The group also filed Sept. 23 comments on EPA's proposed revision to the 2005 consent decree  saying it would allow the refinery that is staying option to “circumvent” air law new source review (NSR) emission control mandates by instead citing pollution cuts at the closing refinery. “Because the emission-trading scheme authorized by the proposed amendment violates the clear requirements of the Clean Air Act, we respectfully request that it be withdrawn,” the comments say.

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EDF Urges New York To Craft First-Time Health Baseline For Fracking Rules

The Environmental Defense Fund (EDF) is calling on New York officials to craft a first-time health baseline database to help determine the effects of future hydraulic fracturing operations, an approach that some federal officials are also seeking to overcome industry reluctance to turn over data that could be used to assess rules' adequacy.

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EPA Said To Weigh Novel 'Regional' Subcategories For Coalbed Methane ELG

EPA is in the early stages of considering whether to create a novel system for subcategorizing drilling operations in the coalbed methane (CBM) sector that will be subject to its forthcoming Clean Water Act (CWA) technology standard -- including one that is based on differences in produced water in the geologic region where it is generated, an industry source says.

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Industry Fears BLM Fracking Rules Create Jurisdictional Conflict With EPA

Oil and gas industry groups are concerned that the Interior Department's Bureau of Land Management (BLM) is proposing a novel definition of "usable water" that must be protected under its draft rules for hydraulic fracturing on public lands, language that is similar to the language in the Safe Drinking Water Act (SDWA) and may overlap with state and EPA regulations.

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GOP Bill Seeks To Preserve State UIC Power In Face Of EPA Fracking Rules

Two GOP senators from key drilling states have introduced a bill aimed at maintaining states' primacy to permit underground injection control (UIC) wells under the Safe Drinking Water Act (SDWA), a measure aimed at relieving concerns that pending EPA and Interior Department (DOI) policies governing hydraulic fracturing operations could undercut states' delegated permit powers.

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API Seeks Experts For Fracking Panel

The American Petroleum Institute (API) is urging EPA to include more industry experts on upstream natural gas drilling operations on its planned Science Advisory Board (SAB) panel that will review findings from its massive hydraulic fracturing study, faulting an earlier SAB panel that examined the scope of the study for lacking industry experts.

“From our perspective, critical opportunities to leverage the tremendous knowledge and experience base offered by the industry have been repeatedly missed,” API says in a Sept. 10 letter to SAB staff director Vanessa Vu.

EPA took comment through Sept. 11 on potential nominees for an ad hoc panel that will review its interim report and eventually, its final 2014 report in the study, according to an Aug. 21 Federal Register notice.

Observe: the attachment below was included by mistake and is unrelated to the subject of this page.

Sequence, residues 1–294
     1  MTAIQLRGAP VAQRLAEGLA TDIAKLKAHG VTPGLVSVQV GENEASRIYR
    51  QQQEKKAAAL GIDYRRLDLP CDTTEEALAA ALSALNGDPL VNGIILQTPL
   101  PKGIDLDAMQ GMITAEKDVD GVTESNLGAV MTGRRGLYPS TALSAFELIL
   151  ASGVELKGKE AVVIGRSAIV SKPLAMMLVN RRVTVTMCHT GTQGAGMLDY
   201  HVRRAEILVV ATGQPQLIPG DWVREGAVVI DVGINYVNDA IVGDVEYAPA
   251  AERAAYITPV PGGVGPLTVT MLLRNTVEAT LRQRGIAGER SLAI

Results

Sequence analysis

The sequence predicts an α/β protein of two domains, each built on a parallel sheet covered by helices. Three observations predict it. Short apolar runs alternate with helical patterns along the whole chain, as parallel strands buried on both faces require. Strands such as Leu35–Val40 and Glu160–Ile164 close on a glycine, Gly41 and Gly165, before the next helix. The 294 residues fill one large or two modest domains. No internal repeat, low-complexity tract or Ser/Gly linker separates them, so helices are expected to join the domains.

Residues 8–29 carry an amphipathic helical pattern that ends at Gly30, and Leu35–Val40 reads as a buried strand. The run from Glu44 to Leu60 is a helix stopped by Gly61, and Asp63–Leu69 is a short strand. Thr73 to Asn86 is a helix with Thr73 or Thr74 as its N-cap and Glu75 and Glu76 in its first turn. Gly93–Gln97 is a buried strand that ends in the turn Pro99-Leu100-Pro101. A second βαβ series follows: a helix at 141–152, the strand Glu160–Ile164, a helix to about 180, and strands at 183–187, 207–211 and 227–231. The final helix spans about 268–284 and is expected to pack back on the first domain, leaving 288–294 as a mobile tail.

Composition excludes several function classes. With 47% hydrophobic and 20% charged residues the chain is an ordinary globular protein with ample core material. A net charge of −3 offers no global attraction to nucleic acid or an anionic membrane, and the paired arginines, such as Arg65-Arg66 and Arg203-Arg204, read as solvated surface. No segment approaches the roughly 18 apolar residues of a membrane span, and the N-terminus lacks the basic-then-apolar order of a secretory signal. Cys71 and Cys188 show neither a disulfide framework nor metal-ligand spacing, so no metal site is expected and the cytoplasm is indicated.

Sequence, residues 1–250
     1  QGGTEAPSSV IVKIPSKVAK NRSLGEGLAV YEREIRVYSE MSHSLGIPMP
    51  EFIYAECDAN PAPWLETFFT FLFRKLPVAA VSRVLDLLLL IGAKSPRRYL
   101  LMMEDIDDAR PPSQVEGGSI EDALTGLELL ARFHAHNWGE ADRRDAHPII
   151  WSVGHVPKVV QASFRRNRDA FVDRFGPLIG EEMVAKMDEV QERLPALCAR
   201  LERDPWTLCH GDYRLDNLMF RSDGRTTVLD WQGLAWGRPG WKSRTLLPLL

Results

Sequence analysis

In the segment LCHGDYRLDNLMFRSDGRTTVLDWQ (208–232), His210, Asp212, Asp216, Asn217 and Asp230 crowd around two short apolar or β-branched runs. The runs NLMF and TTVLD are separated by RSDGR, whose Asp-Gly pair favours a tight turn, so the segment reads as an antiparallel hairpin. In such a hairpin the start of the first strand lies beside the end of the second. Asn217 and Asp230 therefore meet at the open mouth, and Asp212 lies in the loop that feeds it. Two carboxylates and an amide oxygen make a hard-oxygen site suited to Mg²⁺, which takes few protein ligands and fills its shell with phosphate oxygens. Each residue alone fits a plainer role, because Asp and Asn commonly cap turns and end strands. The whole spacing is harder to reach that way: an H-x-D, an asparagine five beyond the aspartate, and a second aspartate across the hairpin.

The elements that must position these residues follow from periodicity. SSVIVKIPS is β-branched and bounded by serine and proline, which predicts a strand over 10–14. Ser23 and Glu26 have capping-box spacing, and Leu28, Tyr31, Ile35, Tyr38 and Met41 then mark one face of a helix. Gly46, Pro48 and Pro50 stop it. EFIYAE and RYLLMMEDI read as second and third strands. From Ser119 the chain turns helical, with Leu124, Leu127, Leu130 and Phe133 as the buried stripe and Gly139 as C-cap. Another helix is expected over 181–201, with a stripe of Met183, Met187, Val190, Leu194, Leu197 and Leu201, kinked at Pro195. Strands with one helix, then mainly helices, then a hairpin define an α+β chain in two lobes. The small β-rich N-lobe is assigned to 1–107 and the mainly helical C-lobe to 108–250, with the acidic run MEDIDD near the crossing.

The panel is the second EPA has created in connection with the two-year study, with the first advising the agency last year on the design of the planned study. The chartered SAB approved those recommendations last July.

The study is being jointly conducted by EPA's Office of Research & Development (ORD) and Office of Water, spurred by a request in EPA's 2010 appropriations bill that the agency study the possible adverse effects of fracking on drinking water resources. The analysis is expected to consist of two prospective and five retrospective case studies where EPA will examine how the natural gas operations in several states interact with drinking water supplies in addition to laboratory analysis and other research.

In the Sept. 10 letter, API urges EPA to consider appointing panel members with practical experience in operational aspects of fracking and other aspects of oil and gas extraction, upstream waste and water management, petroleum geology and knowledge of rock mechanics as it relates to fracking.

API also asks that the panel include representatives from the Groundwater Protection Council, which represents state regulators, or the Interstate Oil and Gas Compact Commission, a multi-state agency that oversees domestic oil and gas production.

“Because this new Panel will be tasked with providing EPA's Office of Research and Development with advice on the status of the research undertaken to date and the retrospective site analysis to be included in the Progress Report, it is imperative that the Panel include individuals experienced in upstream oil and natural gas operations which are unique in engineering, scale, distribution, materials, and timing to provide an accurate representation of this highly technical issue and its proper context for this review,” API says in the letter.

The group is also criticizing the previous SAB panel that reviewed the study, saying that it was disappointed in the lack of industry experts and that the panel members, “with just a few exceptions, had virtually no relevant knowledge or understanding of how oil and gas operations in general or hydraulic fracturing in particular related to their respective areas of expertise.”

The American Water Works Association, which represents drinking water utilities, urges EPA in a Sept. 10 letter to include “qualified drinking water professionals” on the panel. The group nominates Kimberlee Kane, of New York City Department of Environmental Protection and Sean Lieske of Aurora Water.